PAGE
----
‘Parks And Recreation’ Open Thread: Feminist Landmarks

This post contains spoilers through the Season 4 premiere of Parks and Recreation. Also, me freaking out a little.

It’s sort of depressing that this is the case, but I really believe that years from now, this episode of Parks and Recreation is going to be help up as a major moment in romantic comedy. To have a piece of pop culture where not only is love, or the possibility of love, not the highest value, but where the highest expression of love can be to let someone chase their dreams rather than stay with you, is genuinely revolutionary in a pop culture that preaches either that women need to get over their workaholism or that women can have it all. It helps that the episode was beautifully acted. But I hope that people recognize the writing here for the accomplishment that it is.

I can’t tell you how relieved I was when Ann raised the prospect of Leslie not running for City Council to stay with Ben, and Leslie responded automatically, “Which is out of the question.” I knew Leslie was going to make a compromise, but I was terrified that the show would decide to have her choose Ben, regret it, and get into the race late. The show’s always taken a slightly silly tack on Leslie’s ambition, whether through something like the omnipresent headshots in her office, or her explanation that “I was playing with the Geraldine Ferraro Action Figure. That I made myself.” But to have Leslie insist, and the people around her support, the idea that this is the dream of Leslie’s life is genuinely beautiful. It is such a higher exhibition of love for Ben to tell her, “Everything you’ve accomplished, you have earned and you have worked for. I don’t want anyone to think you got where you are by sleeping with your boss,” than to try to keep her with him.

And as I argued in April, this episode was a real victory for the idea that it’s Leslie’s optimism in government that is validated by Parks and Recreation, not Ron Swanson’s libertarianism. It makes sense that when Leslie runs from her fear of breaking up with Ben, she runs to Ron, who has fled his ex-wife with what is apparently an emergency camping kit and a warning to get the beef chuck out of his desk before it goes bad. Leslie and Ron are each other’s reality checks, a balancing act between extreme optimism and extreme pessimism about the potential of government. But tonight, Ron affirms Leslie’s most private dreams. “I might not win,” she tells him. “You’ll win,” Ron insists. And the show could have stopped there, letting Ron groan about the inevitable big-government liberalism that will propel Leslie into office. But it doesn’t. “I might not run,” Leslie suggests, still turning the idea over in her mind. “You should,” Ron affirms. Because at the end of the day, Ron’s skepticism about government doesn’t actually include Leslie. Her optimism and competence are just overpowering, inspiring Andy to competence, Ann to persevere through an inbox that is “literally filled with penises.”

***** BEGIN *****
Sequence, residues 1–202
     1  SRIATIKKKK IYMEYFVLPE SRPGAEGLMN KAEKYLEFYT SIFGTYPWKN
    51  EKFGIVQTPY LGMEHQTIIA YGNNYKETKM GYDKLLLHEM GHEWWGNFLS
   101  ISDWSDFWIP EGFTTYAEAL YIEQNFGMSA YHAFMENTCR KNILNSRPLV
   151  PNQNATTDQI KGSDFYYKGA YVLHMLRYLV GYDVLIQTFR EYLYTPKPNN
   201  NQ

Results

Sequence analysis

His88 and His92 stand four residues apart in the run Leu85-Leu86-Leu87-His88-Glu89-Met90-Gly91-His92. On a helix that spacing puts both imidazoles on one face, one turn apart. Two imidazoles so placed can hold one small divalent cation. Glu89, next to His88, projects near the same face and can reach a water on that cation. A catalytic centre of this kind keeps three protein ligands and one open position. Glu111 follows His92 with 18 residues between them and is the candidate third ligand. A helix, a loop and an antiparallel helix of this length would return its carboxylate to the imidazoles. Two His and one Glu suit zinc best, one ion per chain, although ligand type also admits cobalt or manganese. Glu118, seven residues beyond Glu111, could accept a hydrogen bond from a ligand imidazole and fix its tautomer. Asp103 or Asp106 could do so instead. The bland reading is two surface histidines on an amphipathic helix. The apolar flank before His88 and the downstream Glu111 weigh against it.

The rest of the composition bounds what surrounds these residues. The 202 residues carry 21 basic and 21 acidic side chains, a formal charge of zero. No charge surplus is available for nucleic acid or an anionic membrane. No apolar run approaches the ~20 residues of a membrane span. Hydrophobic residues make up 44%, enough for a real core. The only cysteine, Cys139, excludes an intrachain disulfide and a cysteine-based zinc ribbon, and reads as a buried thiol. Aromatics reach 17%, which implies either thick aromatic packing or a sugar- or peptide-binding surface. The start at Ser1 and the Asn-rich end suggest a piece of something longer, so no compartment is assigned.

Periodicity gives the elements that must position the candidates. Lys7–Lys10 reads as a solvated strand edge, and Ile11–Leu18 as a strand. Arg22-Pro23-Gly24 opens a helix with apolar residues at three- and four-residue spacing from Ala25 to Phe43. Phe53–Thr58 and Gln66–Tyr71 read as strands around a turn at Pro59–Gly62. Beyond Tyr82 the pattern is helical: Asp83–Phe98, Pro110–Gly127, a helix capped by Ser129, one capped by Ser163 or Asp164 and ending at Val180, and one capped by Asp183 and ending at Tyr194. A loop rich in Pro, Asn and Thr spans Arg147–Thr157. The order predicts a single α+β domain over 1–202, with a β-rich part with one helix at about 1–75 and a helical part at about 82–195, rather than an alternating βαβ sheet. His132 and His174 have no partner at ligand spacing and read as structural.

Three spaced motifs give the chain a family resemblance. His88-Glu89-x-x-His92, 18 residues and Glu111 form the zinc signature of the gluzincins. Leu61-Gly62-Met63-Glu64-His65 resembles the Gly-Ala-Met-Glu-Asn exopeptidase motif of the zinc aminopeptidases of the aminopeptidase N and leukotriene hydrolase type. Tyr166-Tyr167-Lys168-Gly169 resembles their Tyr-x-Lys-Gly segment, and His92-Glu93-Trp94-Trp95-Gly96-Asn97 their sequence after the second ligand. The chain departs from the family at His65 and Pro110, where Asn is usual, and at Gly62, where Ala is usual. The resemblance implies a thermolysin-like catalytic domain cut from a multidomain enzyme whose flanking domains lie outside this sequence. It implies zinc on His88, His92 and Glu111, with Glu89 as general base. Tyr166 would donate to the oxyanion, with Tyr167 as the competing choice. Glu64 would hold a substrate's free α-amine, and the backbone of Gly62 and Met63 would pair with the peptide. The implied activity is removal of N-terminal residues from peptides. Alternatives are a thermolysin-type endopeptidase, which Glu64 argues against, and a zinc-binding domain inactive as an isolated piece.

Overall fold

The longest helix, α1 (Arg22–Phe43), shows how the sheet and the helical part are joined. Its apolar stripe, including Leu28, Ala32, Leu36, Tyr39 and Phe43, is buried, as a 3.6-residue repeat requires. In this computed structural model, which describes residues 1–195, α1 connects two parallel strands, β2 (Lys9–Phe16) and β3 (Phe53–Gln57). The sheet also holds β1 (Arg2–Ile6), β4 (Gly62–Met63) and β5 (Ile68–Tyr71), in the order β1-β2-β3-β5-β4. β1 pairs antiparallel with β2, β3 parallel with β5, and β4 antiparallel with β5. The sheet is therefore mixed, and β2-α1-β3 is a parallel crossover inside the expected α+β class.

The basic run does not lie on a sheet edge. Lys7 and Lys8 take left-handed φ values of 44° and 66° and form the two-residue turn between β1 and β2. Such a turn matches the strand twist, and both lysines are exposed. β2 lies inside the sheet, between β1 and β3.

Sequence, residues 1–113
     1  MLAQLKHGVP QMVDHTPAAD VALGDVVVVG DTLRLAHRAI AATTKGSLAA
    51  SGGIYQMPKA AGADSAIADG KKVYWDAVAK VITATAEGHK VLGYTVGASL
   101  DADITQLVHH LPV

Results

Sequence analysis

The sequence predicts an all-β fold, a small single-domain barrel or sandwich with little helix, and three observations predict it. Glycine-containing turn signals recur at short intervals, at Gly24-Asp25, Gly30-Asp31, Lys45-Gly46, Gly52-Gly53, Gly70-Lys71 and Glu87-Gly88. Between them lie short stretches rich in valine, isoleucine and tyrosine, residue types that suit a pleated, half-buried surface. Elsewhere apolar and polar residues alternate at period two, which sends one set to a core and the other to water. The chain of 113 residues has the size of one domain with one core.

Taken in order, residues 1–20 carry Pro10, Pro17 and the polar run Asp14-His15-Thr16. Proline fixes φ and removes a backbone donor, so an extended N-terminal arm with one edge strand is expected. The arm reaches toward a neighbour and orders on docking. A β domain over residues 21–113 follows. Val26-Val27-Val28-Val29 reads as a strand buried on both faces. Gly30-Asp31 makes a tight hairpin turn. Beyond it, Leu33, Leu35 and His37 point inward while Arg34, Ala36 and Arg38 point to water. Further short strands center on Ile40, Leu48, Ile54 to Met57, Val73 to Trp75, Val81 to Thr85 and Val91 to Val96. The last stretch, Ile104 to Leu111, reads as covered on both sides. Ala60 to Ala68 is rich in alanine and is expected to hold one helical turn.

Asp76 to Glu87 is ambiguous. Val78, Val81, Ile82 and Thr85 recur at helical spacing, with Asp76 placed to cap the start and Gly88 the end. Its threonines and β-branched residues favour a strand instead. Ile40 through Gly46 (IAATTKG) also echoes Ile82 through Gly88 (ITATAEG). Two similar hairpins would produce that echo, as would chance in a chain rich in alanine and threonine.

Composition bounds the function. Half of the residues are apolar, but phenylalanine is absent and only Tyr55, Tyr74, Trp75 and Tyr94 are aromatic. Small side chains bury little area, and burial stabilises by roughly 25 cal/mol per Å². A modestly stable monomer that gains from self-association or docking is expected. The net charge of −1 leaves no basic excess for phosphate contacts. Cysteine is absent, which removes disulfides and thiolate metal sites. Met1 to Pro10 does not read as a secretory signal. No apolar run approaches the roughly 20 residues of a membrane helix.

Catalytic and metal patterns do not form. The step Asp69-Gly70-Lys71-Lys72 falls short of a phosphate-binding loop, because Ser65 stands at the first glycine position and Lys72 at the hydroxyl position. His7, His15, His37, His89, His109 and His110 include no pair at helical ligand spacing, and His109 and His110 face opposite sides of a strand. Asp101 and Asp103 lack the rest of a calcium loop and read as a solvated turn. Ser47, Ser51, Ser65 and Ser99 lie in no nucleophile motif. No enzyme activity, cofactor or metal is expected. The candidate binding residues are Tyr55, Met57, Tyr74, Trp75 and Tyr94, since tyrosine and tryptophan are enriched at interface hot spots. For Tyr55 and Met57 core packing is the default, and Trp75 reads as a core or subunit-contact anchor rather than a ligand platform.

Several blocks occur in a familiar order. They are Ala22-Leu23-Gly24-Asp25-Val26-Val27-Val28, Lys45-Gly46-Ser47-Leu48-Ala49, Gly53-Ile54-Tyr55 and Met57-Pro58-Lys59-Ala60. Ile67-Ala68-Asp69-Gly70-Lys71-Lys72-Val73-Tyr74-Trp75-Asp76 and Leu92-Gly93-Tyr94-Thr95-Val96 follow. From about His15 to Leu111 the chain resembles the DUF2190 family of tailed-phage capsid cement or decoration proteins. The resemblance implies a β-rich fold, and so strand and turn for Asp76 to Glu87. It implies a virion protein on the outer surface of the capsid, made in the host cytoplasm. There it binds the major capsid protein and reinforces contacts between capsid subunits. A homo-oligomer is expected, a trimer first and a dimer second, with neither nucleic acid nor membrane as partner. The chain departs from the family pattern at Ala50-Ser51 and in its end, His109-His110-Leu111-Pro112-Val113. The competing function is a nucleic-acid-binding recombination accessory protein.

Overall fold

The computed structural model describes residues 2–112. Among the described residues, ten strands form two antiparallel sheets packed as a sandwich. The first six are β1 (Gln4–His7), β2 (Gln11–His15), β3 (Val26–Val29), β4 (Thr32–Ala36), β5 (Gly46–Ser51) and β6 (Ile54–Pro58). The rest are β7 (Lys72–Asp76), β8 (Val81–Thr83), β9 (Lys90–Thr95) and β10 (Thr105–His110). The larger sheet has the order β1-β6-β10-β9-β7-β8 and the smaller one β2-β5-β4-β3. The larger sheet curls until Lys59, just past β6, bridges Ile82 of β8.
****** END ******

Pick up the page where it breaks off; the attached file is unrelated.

This wasn’t the funniest-ever episode of Parks and Recreation, but it strikes me as a genuinely important one, from Leslie’s run; to Chris’ unquestioning support for Ann once she becomes an accidental sexual harassment victim; to Leslie’s emergence as the perfect campaigner when she tells an interviewer “When men in government behave this way, it betrays the public’s trust. Maybe it’s time for more women to be in charge.” These are little things. But the episode was a weird glimpse of what it would be like to live in a much more feminist world than the one we actually reside in. And it’s hopeful, and funny, and genuine. And I want to go to there, much more than I’ve ever wanted to go to any slight alternate universe I’ve seen on a sitcom.